‘However, whist there have been some notable examples of successful CVAs – among them Travelodge, Game, HMV and Dreams – such CVAs have also been subject to challenge, especially where landlords of different sites are treated differently by the CVA; a scenario no doubt to be repeated within any CVA proposed by Debenhams. Its continued presence on the High Street remains far from certain – watch this space.’
Bloodbath on the High Street: How shops in the UK went from bustling to bust
2018 saw one of the worst years for the UK High Street with retailers shutting their doors and plaguing homes across the country with many job losses.
Crisis hit brands such as House of Fraser and Marks & Spencer fought to keep stores open while other retailers such as New Look pushed for a solution to stop store closures and job losses.
In 2018 nearly 85,000 retail jobs were lost in the UK as businesses continued to go bust as 1,000 retail business went into administration between January and September.
As well as this the number of retail outlets left empty was up by 4,400 in 2018 according to data from the Local Data Company.
House of Fraser (pictured above) is one of the crisis hit brands on the UK High Street
Marks & Spencer has been battling with the UK High Street and had previously struck a deal with Ocado to transform grocery shopping
High Street giant Gap has also announced it will close 230 stores worldwide as its US parent company launches a massive restructuring programme.
The pressure on High Street retailers has hit an all-time high as they continue to try and keep up with the ever growing popularity of online shopping.
Online retailers are able to keep prices low as they don’t face the massive rental costs of physical stores or the staff rates.
While retailers battle the rise in online shopping they are also being forced to battle Brexit, as many supply chain routes and whether or not they will be available in a no-deal scenario have put added cost worries onto retailers as many consider stock piling their items or not importing them at all.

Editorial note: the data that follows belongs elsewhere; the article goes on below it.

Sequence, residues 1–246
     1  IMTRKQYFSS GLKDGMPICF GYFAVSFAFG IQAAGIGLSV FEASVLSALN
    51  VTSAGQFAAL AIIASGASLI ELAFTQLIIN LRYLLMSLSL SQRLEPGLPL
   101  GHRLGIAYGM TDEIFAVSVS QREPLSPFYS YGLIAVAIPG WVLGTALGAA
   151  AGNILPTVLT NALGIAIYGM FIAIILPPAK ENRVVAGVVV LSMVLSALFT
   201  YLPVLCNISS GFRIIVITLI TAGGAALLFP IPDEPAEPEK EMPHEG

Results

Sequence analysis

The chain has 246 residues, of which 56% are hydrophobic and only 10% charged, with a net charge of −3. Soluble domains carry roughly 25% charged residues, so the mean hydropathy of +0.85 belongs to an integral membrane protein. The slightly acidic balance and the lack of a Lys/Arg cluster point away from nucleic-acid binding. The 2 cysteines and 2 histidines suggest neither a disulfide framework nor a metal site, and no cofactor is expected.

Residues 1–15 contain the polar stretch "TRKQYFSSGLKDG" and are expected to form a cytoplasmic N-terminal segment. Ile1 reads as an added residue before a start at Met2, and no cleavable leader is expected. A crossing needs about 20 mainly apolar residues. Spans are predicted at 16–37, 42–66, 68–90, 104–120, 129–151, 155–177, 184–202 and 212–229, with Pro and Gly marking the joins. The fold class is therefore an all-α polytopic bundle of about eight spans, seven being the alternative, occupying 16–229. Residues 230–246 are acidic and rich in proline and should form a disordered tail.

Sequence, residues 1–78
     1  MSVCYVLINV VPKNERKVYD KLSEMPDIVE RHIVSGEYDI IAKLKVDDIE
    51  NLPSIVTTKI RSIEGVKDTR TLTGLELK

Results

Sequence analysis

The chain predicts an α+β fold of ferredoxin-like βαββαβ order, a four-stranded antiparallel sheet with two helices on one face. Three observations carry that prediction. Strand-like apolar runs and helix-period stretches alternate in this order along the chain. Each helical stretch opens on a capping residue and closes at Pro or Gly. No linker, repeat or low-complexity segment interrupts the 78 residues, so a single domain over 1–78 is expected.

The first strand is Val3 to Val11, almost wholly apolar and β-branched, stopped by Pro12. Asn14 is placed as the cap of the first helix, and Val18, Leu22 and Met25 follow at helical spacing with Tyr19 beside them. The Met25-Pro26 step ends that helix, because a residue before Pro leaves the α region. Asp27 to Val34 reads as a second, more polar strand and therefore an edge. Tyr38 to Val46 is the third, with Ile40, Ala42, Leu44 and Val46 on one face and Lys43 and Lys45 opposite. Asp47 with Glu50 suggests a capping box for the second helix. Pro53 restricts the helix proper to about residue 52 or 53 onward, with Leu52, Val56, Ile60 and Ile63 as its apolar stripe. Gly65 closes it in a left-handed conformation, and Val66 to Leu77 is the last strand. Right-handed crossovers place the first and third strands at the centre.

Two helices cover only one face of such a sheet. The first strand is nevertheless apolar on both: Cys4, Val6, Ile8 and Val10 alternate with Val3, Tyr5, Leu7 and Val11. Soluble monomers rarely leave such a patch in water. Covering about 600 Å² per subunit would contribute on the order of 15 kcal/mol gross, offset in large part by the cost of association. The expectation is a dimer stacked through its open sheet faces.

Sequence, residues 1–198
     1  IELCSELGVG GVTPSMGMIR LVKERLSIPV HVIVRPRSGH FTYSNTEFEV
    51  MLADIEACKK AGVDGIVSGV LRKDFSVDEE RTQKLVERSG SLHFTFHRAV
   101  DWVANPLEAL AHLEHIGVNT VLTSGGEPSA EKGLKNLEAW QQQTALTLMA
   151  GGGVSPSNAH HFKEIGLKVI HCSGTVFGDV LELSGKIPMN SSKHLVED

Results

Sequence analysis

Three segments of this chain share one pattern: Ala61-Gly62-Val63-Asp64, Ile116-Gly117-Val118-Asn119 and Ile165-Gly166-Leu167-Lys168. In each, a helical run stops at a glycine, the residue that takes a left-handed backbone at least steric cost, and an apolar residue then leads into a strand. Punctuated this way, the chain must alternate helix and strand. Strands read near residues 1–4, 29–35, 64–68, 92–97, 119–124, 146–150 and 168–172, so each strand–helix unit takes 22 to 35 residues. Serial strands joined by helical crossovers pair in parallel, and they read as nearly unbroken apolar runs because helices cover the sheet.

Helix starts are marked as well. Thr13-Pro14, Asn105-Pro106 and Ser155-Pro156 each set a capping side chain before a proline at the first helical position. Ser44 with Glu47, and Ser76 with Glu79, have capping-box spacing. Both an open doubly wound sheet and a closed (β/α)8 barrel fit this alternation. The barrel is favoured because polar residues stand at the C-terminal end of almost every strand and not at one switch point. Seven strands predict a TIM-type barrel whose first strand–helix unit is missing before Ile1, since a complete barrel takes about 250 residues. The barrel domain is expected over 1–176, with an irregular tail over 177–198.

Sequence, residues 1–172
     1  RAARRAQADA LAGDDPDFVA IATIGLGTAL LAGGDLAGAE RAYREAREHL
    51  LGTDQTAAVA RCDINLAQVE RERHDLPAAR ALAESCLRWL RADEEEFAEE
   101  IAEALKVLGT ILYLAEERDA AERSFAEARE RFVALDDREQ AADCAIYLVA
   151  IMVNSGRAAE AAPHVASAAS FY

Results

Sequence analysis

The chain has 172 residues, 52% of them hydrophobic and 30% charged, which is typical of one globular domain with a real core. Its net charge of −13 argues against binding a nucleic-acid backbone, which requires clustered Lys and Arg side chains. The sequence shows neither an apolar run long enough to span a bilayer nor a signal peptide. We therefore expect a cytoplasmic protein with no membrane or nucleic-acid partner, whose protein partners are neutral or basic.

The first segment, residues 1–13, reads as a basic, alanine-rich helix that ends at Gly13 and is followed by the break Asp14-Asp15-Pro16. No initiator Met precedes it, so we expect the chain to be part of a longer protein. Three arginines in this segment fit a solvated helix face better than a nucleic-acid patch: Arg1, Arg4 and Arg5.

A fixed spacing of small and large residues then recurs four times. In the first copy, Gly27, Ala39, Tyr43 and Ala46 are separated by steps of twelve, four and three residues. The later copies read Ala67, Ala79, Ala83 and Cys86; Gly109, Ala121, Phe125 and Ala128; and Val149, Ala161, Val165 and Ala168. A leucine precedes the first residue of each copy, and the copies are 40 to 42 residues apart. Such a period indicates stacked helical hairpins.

GAP (pictured above) also announced it was closing more than 200 stores as part of a worldwide restructuring programme
The rise in online shopping with companies such as Amazon has also put a strain on the High Street
Here are some of the big name retailers which have lost out as they face fierce competition from the rise of online shopping
The carpet retailer is closing 92 stores across the UK. These closures represent nearly a quarter of all UK Carpetright stores.
Toys R’ Us
The UK’s largest toy shop went into administration in February 2018, leading to an estimated 2,000 redundancies.
House of Fraser
The department store chain was on the verge of heading into administration but was rescued at the eleventh hour by Sports Direct owner Mike Ashley.
The electronics giant has gone bust, closing shops across the country and putting thousands of jobs at risk.
The baby and toddler chain is closing 60 shops across the UK putting up to 900 jobs at risk.
Poundworld announced it was going into administration on June 11 after talks with potential buyer R Capital broke down, putting 5,100 jobs at risk.
The DIY chain set to close 42 DIY outlets shut, putting around 1,500 jobs at risk.
Marks & Spencer
The retailer announced in May it plans to close 100 stores by 2022, putting hundreds of jobs at risk.
In August stores in Northampton, Falkirk, Kettering, Newmarket, New Mersey Speke, Stockton and Walsall all ceased trading.
Orla Kiely, the Irish fashion retailer collapsed in September and closed all its stores after a slump in profits.
In December HMV entered into administration with its flagship London Oxford Street having closed earlier this year.
Fashion brand L.Bennett announced it was filing for administration on March 1, 2019. Linda Bennett sent employees an email early in the morning to inform them of the news before it hit news outlets.
In March, Liam Gallagher’s Pretty Green filed a notice of intention to appoint Moorfields Advisory to handle insolvency problems across its UK stores. At the beginning of April JD Sports purchased the company, saving around 70 jobs.